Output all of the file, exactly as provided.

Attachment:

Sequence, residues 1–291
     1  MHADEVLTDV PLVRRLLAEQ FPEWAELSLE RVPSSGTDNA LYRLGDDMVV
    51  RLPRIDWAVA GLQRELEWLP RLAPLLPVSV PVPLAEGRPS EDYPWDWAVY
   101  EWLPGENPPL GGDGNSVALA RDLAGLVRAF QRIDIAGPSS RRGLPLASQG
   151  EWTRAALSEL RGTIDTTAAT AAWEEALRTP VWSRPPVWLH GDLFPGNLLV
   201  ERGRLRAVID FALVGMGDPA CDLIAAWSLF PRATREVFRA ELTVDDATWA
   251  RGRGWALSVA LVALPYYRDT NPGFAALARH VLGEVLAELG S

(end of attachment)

Sequence, residues 1–291
     1  MHADEVLTDV PLVRRLLAEQ FPEWAELSLE RVPSSGTDNA LYRLGDDMVV
    51  RLPRIDWAVA GLQRELEWLP RLAPLLPVSV PVPLAEGRPS EDYPWDWAVY
   101  EWLPGENPPL GGDGNSVALA RDLAGLVRAF QRIDIAGPSS RRGLPLASQG
   151  EWTRAALSEL RGTIDTTAAT AAWEEALRTP VWSRPPVWLH GDLFPGNLLV
   201  ERGRLRAVID FALVGMGDPA CDLIAAWSLF PRATREVFRA ELTVDDATWA
   251  RGRGWALSVA LVALPYYRDT NPGFAALARH VLGEVLAELG S